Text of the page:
1 Posted: Sunday, March 19, 2017 3 PM

Hello fellow brewers!

As the story goes with most home brewers, i am wanting to move on to all grain brewing. I am leaning more towards BIAB rather than a 3 vessel set up. Just want to know what you guys think of a Birko exposed element urn for this. I have come across one for sale quite cheap and want to know if they are suitable, or should i hold off and wait for an urn with a concealed element?

Any feedback will be much appriciated. Thank you.

(Its a 40 litre urn by the way)

2 Posted: Sunday, March 19, 2017 3:02 PM

Don't know. I use a Crown and love it.

3 Posted: Sunday, March 19, 2017 3:18 PM

Have no experience in this Rowbrew, but logic would suggest an urn with a covered element. The grain bag would no doubt sink and so sit on the element and burn the grains.

I'm looking at going the same way, but will use a big stock pot and a gas burner. But even so, same thing could happen, burned grains that is. I would put a rack, like a cake rack, in the bottom of my pot, again to keep the grain bag away from the more direct heat.


4 Posted: Sunday, March 19, 2017 3:23 PM

The Birko do work just fine , be aware that you may get the element cutting out during boil if you get gunk over them or brew with rye malt
There is a mod going around that removes the boil dry protection but can drastically shorten life of urn so better off just keeping an eye on it and having a scour pad zip tied to a handle long enough so you can scrub it it does cut out

5 Posted: Sunday, March 19, 2017 3:28 PM

Bill , i dont even have urn plugged in during mash .
heat to strike , mash in and stir
wrap in old sleeping bag or yoga mat and walk away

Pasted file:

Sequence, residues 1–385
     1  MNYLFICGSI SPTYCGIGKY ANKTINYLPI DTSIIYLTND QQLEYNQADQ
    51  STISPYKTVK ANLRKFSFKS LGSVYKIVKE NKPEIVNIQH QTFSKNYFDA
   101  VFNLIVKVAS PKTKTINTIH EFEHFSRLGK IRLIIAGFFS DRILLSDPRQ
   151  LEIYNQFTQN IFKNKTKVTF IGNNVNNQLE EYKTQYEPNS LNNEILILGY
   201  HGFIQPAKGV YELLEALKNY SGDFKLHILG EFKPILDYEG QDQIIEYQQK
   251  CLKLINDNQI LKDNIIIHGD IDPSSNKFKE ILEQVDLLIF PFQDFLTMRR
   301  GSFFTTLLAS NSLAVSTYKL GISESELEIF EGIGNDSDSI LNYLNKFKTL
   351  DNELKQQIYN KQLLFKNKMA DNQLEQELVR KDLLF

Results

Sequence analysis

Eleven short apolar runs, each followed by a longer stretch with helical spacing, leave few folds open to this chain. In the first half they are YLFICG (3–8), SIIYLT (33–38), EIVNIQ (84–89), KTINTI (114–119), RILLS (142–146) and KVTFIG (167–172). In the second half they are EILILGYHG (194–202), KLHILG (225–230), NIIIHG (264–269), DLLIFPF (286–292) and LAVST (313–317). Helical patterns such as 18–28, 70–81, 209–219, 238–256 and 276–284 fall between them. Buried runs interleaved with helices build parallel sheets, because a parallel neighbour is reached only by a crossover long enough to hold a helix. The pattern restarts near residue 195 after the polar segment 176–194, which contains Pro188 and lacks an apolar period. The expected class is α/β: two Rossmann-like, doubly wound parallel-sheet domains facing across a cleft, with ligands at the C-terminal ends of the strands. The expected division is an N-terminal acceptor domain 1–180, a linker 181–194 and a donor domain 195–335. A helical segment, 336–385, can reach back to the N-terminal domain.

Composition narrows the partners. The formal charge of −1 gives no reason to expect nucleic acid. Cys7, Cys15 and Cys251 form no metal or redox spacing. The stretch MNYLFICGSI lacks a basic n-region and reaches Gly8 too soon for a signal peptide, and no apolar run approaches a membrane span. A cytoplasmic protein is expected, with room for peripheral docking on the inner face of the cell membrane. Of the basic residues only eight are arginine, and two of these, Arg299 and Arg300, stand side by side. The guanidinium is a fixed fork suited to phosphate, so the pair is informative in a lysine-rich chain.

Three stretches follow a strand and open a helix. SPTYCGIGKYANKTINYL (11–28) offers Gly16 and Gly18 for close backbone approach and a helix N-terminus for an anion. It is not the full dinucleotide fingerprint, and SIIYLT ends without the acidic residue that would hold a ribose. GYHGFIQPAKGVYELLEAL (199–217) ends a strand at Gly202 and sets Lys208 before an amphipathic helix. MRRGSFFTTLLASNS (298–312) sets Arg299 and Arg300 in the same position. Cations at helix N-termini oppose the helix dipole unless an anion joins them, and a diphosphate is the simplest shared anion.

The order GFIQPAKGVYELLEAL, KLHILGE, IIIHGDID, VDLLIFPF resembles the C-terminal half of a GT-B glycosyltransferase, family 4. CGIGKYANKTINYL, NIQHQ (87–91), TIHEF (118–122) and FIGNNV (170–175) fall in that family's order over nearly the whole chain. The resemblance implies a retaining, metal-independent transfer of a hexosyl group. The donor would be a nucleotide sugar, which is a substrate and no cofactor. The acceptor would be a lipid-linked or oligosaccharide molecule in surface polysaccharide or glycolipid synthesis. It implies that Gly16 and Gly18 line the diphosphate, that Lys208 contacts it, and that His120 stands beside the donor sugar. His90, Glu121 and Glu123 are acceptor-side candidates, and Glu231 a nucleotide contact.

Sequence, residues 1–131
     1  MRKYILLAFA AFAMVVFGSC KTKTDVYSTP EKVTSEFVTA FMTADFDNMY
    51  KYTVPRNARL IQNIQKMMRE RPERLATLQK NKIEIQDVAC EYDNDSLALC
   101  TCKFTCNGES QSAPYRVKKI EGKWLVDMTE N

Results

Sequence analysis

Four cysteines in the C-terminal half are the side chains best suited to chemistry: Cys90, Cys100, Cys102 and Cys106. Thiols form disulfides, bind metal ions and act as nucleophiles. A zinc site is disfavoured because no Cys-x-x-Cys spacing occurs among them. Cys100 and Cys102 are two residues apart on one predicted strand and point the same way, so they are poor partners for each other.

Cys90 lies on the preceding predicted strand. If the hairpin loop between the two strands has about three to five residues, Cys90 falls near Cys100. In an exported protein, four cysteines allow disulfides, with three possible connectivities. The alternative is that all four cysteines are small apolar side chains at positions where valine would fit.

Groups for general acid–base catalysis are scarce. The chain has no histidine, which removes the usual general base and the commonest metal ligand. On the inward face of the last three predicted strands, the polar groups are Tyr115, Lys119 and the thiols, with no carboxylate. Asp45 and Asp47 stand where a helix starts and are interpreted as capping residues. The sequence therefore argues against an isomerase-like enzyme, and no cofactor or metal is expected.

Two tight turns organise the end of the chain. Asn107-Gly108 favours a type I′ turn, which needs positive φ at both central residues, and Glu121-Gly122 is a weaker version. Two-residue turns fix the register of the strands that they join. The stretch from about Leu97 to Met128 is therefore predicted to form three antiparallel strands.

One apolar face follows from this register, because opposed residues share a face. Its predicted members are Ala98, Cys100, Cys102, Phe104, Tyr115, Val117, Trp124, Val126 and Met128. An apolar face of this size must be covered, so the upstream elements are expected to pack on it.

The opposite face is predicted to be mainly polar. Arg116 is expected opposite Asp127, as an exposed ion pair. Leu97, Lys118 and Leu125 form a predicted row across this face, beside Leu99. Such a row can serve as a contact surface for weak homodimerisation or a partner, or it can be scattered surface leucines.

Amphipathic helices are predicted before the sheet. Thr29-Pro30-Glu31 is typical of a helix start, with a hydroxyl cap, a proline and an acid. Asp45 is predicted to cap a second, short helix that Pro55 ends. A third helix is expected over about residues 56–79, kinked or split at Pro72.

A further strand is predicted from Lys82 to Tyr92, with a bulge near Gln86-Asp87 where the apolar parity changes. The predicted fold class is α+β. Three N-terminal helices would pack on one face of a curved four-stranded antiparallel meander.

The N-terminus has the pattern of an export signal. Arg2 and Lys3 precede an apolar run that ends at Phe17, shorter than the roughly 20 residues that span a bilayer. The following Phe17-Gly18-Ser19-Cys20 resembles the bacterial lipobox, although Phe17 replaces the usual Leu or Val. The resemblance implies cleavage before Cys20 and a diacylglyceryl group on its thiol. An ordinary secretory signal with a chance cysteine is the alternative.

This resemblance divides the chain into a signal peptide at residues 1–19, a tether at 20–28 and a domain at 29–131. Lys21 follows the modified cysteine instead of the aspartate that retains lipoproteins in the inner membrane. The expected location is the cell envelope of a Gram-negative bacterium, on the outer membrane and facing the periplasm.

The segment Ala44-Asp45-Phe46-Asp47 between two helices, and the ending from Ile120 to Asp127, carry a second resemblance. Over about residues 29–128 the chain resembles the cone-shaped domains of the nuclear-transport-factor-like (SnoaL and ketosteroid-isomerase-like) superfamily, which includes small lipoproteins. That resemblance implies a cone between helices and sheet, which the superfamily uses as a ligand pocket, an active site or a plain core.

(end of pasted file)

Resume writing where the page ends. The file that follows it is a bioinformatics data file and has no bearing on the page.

6 Posted: Sunday, March 19, 2017 4:43 PM

Must be Sunday Mark, heads in the wrong place. Been reading about hops so that's where the boiling came from.

You're right of course, heat your water then add mash or BIAB. Wrapping of course will help maintain temp.

Still don't like electricity, expensive and IMHO, not as efficient as gas. Ripped out our electric stove and hot water and put in gas. Best move ever.

7 Posted: Sunday, March 19, 2017 5:08 PM

I would have assumed he was going to boil it in there as well, as he said BIAB. I have never tried to use my urn for boiling wort as it takes an hour or two to bring a wash to the boil, so I assumed it is not powerful enough. That's why I haven't moved to all grain - $150.00+ for the pot, then another $150.00 for a burner. While grain is cheaper than malt, $300.00+ is a bit hard to come by…

8 Posted: Sunday, March 19, 2017 5:11 PM

Ben 10:

Don't know. I use a Crown and love it.

+1 for the crown
I haven't used a birko but from what I've read they're fine. I think it comes down to if you'd rather an urn with a concealed element or not. I have a Crown with concealed element and its a ripper, so easy to clean at the end of a brew day. But I have no experience with an exposed element urn, so can't comment on the functionally of their use.